Thursday, July 26, 2012

This IVF cycle made possible by....

We are not one of the lucky ones with insurance coverage that will pay for IVF.  Our insurance has covered some of the preliminary work at a discount but stops at IVF and medication coverage.  We are fortunate to have been able to easily find financing the two previous times -- the first was through a very generous line of credit through Wells Fargo bank.  It was one time where having a really good credit score paid off tremendously!  The second time we were able to fund ourselves through a patchwork of HSA accounts, credit cards, and bonus money.  It was a little more complicated but we made it work.

We are fortunate this time to have someone close to us lend us the money outright.  Using a contract that includes a generous repayment plan for us and a modest interest rate for him, we are able to make our pre-payment (with some leftover) without any worries at all.  For the difference, we have been lucky to have had enough time and ability to put aside the money.

I know many people desiring IVF are not so lucky.  I am very grateful that this part of IVF has been fairly easy and without a lot of worry or stress.  So thank you to our kind benefactor....your generosity is appreciated beyond words.  Rather than being a large boulder in the way, you've made it possible for it to be a very tiny bump.

Wednesday, July 18, 2012

IVF in the news

Yesterday there was an article in the New York Times regarding a very serious complication of IVF called Ovarian Hyperstimulation Syndrome (OHSS).  (The most famous recent example I can think of is when Giuliana Rancic did IVF. She unfortunately ended up with this condition and had to be hospitalized.) 

According to the article, there is some debate about the high level of medications used in some IVF cycles and whether or not they are needed to have a successful cycle.  This article intrigued me because my particular protocol, designed by my doctor, is very medication heavy.  It requires high doses of stimulation meds and very fine tuned doses of suppression medications.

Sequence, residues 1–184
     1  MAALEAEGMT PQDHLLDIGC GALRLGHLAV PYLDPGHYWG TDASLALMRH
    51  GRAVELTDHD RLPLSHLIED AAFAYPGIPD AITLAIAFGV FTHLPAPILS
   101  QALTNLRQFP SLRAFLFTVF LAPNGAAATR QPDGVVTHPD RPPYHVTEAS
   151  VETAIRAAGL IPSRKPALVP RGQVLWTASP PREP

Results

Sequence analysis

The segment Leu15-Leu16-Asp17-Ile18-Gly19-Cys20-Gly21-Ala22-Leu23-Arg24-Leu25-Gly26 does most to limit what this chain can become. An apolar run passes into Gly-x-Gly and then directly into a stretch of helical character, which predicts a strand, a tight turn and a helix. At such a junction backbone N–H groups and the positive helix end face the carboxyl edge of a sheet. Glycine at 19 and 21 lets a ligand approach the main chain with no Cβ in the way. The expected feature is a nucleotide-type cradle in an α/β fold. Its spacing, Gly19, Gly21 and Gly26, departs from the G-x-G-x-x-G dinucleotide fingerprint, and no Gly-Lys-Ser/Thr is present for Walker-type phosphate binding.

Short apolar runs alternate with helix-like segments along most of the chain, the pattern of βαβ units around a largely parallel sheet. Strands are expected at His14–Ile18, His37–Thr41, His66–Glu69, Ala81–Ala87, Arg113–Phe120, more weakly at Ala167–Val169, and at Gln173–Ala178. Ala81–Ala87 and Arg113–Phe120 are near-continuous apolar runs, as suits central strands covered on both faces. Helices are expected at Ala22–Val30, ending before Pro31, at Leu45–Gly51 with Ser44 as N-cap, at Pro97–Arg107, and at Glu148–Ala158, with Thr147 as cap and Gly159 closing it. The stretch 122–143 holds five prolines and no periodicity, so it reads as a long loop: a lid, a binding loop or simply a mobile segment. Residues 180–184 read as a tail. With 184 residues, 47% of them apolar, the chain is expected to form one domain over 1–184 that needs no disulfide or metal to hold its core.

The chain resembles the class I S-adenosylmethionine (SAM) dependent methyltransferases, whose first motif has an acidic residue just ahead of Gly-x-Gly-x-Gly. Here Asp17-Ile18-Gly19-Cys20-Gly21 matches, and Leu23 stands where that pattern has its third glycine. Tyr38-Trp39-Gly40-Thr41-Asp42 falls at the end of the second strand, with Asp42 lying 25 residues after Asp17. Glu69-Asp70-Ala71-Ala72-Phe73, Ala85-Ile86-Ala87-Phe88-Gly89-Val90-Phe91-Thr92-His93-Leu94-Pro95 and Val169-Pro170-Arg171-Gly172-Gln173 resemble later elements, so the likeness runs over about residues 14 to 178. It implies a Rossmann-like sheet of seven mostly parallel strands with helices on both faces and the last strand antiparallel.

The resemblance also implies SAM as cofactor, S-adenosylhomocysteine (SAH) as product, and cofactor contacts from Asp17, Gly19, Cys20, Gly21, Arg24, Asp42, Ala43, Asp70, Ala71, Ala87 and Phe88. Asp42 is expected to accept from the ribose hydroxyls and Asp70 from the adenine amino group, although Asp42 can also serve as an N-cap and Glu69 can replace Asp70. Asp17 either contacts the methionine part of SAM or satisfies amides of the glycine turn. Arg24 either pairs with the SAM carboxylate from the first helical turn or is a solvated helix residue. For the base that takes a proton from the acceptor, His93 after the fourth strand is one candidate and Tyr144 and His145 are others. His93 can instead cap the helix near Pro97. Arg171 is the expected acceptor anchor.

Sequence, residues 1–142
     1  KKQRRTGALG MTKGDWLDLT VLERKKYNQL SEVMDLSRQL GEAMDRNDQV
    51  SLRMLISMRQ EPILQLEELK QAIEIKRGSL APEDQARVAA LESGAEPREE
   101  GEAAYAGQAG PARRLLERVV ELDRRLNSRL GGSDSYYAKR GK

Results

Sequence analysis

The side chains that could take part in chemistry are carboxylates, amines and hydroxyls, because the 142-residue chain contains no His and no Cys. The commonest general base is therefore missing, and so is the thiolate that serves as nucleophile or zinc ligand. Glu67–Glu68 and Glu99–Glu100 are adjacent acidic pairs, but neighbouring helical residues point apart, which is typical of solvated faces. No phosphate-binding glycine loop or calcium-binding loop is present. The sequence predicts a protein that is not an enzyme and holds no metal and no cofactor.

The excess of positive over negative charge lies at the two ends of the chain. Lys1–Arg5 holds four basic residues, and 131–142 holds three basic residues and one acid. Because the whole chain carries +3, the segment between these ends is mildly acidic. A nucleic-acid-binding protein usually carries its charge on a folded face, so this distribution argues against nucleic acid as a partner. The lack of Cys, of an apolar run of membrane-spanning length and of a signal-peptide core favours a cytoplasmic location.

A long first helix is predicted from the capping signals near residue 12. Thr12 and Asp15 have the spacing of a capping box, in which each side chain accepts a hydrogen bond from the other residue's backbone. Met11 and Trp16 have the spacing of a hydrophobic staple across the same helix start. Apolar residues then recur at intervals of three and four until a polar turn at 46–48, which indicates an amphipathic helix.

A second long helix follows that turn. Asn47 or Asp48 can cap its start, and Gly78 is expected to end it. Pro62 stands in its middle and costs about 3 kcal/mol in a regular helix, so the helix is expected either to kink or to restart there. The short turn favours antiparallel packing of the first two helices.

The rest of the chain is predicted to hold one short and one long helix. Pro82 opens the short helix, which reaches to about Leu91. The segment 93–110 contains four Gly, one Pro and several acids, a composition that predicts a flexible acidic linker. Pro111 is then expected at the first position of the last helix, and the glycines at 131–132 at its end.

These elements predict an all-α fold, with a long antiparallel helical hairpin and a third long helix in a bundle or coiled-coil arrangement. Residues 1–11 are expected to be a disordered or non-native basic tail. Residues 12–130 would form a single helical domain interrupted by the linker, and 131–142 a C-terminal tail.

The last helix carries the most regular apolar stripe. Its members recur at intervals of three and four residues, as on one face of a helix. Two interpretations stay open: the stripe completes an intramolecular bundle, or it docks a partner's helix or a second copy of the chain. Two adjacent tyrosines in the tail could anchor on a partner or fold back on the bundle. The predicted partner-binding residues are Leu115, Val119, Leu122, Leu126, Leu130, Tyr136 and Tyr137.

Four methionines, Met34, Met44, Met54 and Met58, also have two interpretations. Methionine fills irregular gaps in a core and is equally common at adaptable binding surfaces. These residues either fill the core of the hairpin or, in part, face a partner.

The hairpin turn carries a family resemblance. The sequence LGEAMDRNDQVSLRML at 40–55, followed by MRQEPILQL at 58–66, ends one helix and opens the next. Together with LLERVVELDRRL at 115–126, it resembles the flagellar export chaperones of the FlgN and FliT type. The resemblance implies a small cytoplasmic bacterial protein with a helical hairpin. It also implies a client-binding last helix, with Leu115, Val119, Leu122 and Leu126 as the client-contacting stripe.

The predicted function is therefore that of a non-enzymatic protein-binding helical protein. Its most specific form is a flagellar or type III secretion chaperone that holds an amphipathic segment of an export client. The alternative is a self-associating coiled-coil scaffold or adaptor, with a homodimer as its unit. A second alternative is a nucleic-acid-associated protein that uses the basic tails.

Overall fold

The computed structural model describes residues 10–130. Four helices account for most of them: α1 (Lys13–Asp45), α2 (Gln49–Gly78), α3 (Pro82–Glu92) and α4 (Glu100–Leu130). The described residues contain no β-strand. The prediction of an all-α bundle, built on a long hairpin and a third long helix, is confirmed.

While this concerns me, especially since I ended up with so many follicles the last time (22!), I trust my doctors and the monitoring they do.  At the height of my cycle, I will be making clinic visits nearly every other day.  At these visits, I will have blood drawn and an ultrasound done to check my progress.  Based on these two tests, my doctor will determine if my medications need to be adjusted (they frequently are).

I would advise anybody considering IVF to do their homework very carefully.  While it's important to trust your doctor, it is also important to be educated, and ask questions.  The low dose method of IVF that is described in this article would not be appropriate for me, but it may appropriate for you.

Friday, July 6, 2012

One last chance

No one aspires to do IVF; at least no one I've come across in all my years of fertility treatments.  It's expensive, painful (emotionally and physically), and down right draining.

Those of us that are facing IVF, whether for the first time or like me, a third time, always hope for that one little miracle.  That surprise pregnancy that means IVF isn't needed.  We've all heard of those people; the ones that tried and tried for years and years, only to stop or take a break and suddenly find themselves pregnant.  I've known a few of these people in my life and of course wished to be one of them.

Given that both my husband and I have fertility issues, I'm fully aware that the odds are very much against me.  To be one of these people, I have one more shot at it.  One more cycle before it all begins again.  One last chance for Mother Nature to cooperate.